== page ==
Are you setting up a new classroom and wondering how to arrange your play areas or are you a seasoned educator looking to change up or enhance your play areas? Hopefully this post can help you!
Please note this was written prior to school COVID-19 restrictions.
Common play areas
First let’s discuss the common play areas that an early childhood classroom should have.
Obviously, this is space permitting, but it’s really powerful when you can have a space for the children to leave up their buildings. This means that they will be able to continue to work on creations over several days and to tweak and improve on them. This has so many benefits – they have to learn to negotiate and plan with peers who might join a day or two later. They have to plan out their work and then the learn to fix mistakes and enhance their projects.
In the block area you want a few different building materials. You can switch them out every so often so that the area remains engaging to students. You also want little models of people, animals, and/or cars that you can take out at different times. This will enhance their play. You definitely want some blank paper and tape available here so that students can add signs to their area, make drawings of their creations, and add labels. We want to encourage authentic literacy development in every area of the classroom. I also like to have some samples of architecture or different block challenges to inspire my students.
I am a strong believer in dramatic play. I always start the year with it pretty blank and set up as a home, because that is what they children are used to experiencing. Then throughout the year I change it based on their interests and engagement. You can read about explore the world dramatic play centers for more specific information.
You definitely want a small table and a few chairs in this space. I love having a pretend kitchen here and a shelf that I can keep some basic supplies. I have some dress up and accessories here. I keep nametags and baby dolls and their supplies. I also keep bags and pretend money. These are really the essentials for a dramatic play center. I also have blank notebooks and pencils here, and always try and find a way to integrate literacy in whatever set-up I have here in dramatic play.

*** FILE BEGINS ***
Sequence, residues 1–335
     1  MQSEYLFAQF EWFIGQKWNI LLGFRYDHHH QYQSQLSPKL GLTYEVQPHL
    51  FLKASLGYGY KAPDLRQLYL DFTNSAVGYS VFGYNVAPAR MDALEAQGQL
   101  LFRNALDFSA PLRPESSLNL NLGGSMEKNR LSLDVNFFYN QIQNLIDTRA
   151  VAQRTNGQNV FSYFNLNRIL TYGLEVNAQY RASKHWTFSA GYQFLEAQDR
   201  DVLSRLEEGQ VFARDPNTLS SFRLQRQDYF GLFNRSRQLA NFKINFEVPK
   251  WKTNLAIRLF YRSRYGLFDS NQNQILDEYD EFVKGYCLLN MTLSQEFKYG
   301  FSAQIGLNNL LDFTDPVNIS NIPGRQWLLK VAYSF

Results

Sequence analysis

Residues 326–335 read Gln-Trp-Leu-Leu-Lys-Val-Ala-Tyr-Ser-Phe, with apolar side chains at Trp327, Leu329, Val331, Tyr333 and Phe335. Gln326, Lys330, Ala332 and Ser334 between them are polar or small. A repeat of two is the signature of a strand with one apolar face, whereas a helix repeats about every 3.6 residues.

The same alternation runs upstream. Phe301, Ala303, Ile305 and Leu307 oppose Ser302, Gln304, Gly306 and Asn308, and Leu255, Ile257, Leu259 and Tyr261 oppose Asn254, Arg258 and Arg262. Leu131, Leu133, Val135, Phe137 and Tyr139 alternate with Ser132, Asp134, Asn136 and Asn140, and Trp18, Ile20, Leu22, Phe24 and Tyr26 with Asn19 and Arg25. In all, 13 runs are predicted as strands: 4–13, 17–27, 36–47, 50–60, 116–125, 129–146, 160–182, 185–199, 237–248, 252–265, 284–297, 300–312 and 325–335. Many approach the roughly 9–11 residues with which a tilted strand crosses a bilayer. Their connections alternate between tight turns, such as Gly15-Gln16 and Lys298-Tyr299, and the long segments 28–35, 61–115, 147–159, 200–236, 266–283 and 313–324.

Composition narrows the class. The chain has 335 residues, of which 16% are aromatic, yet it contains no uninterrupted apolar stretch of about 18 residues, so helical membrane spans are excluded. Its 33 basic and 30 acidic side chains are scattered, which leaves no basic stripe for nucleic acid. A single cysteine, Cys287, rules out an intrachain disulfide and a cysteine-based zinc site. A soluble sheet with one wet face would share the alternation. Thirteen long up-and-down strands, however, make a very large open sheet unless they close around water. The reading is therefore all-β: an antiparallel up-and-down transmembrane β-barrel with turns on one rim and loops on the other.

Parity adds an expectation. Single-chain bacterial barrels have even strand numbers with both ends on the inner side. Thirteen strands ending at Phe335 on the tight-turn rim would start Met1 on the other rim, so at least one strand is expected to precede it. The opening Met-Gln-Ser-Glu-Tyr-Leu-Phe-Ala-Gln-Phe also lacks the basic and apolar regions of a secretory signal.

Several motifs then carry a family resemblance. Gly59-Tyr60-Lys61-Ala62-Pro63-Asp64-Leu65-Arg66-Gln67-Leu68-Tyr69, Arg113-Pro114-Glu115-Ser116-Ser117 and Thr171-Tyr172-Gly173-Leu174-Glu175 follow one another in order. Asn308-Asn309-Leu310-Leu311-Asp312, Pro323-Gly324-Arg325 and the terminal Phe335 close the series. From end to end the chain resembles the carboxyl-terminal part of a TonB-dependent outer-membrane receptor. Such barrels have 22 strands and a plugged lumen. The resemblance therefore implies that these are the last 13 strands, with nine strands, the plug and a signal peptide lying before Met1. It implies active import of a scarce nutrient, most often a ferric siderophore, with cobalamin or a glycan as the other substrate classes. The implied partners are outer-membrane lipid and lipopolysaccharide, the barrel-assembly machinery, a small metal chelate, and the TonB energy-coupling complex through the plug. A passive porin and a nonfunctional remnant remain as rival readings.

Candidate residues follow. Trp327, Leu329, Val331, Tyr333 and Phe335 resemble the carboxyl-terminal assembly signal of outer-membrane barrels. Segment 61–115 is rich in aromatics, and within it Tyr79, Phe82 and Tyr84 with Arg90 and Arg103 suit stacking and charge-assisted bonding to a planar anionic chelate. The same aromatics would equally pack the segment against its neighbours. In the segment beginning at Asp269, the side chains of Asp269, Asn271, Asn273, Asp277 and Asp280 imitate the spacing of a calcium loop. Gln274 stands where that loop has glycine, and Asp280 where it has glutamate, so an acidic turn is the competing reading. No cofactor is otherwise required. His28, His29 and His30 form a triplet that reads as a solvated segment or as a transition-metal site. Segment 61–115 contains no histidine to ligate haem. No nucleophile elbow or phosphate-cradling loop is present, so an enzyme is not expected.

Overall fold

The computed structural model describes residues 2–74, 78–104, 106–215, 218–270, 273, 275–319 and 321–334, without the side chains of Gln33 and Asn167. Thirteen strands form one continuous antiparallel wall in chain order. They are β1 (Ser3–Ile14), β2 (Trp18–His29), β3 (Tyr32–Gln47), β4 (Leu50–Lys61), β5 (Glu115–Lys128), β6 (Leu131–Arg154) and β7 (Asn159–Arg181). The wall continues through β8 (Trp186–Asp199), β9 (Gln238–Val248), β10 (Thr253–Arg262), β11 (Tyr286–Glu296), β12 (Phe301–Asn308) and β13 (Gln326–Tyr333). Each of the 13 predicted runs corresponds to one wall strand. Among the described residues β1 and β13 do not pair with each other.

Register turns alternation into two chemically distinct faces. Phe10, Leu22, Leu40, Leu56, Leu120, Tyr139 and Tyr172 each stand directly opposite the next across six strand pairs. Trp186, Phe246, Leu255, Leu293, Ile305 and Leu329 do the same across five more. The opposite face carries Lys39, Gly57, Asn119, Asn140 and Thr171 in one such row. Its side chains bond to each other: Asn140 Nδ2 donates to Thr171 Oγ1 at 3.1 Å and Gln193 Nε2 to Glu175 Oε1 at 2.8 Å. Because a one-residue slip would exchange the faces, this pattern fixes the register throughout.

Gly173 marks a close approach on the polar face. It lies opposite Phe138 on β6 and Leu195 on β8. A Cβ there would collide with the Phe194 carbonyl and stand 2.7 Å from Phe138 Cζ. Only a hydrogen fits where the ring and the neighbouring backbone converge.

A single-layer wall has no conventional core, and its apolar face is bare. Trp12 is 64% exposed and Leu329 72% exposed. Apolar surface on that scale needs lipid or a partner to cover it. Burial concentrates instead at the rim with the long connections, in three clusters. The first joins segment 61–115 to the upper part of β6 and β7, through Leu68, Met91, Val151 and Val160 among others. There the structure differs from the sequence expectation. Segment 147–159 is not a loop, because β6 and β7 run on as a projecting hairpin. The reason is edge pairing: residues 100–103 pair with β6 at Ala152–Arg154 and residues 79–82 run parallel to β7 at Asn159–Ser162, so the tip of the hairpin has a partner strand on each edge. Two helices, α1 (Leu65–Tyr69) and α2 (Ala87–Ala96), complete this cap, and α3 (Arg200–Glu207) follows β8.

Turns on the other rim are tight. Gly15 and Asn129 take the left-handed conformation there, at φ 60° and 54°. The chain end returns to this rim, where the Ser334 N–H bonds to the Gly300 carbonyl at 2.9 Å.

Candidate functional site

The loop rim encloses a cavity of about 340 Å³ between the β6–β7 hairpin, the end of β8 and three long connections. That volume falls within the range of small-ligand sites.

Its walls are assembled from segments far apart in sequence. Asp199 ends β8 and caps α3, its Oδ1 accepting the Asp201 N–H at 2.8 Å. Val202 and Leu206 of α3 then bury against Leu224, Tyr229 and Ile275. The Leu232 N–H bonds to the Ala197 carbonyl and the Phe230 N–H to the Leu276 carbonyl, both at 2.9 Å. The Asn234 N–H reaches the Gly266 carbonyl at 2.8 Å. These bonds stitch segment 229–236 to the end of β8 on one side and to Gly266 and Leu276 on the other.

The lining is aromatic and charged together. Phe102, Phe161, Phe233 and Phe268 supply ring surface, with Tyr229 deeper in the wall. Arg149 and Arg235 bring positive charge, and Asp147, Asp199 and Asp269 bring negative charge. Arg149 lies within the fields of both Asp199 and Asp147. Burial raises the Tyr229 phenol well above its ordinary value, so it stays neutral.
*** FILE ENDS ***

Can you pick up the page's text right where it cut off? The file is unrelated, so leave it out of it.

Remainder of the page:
Every room really needs a sensory table or area. It is really beneficial for all students, but some students more than others really benefit from this sensory input. They also can make a lot of discoveries about our natural world in this small area (you can watch a short clip about all the learning that can happen in 5 minutes at the sensory table here). I start out with sand and a few simple materials to teach my students about the routines and expectations of this area. I want to make sure that they learn to keep the materials inside the table and to clean up after themselves if the materials accidentally fall out. Throughout the year I change it with water, water beads, pom poms and straws, and other materials. I also will add in or change the supporting materials – like if I keep the sand in the sensory table, maybe I take away the sand toys and add in dinosaurs or magnetic letters. I love to use soapy water to clean out materials at the end of the year and the students love it too!
Art and Writing
I recently added an easel to my classroom but if space is limited you really don’t need this. It’s just important to have a space in your classroom where your students can find the materials for creating. They want markers, crayons, colored pencils, tape, blank paper, coloring paper, scissors, and glue. I also include stickers, stamps, and other odds and ends like string, small paper shapes, and old magazines. I love to bring in recycled objects for students to create “beautiful stuff” with. They come up with the most creative ideas!
I don’t really have a designated writing area, because we have set time in our day when we teach and practice literacy as a whole class. However, I do have blank paper and lined paper for students to use during play times. I like to put out different materials throughout the year like comic book paper or make your own word searches. I also always have available alphabet charts, mini- word walls and picture dictionaries to support student in their writing, if they want.
Every classroom should have a library area. You want this area to be inviting to students and be cozy for them as they read. It is definitely more engaging when you can routinely change out the books here, but I just don’t have that kind of storage space in my classroom. So, I change out my books on display every month instead. If you want to see examples, I always post them to my instagram. In my library I like to keep our class books that we have made together. I also like the students to have access to fun pointers, big books, and stuffed animals. I love when I look over and see my students using the pointers to read a big book to their class of stuffed animals.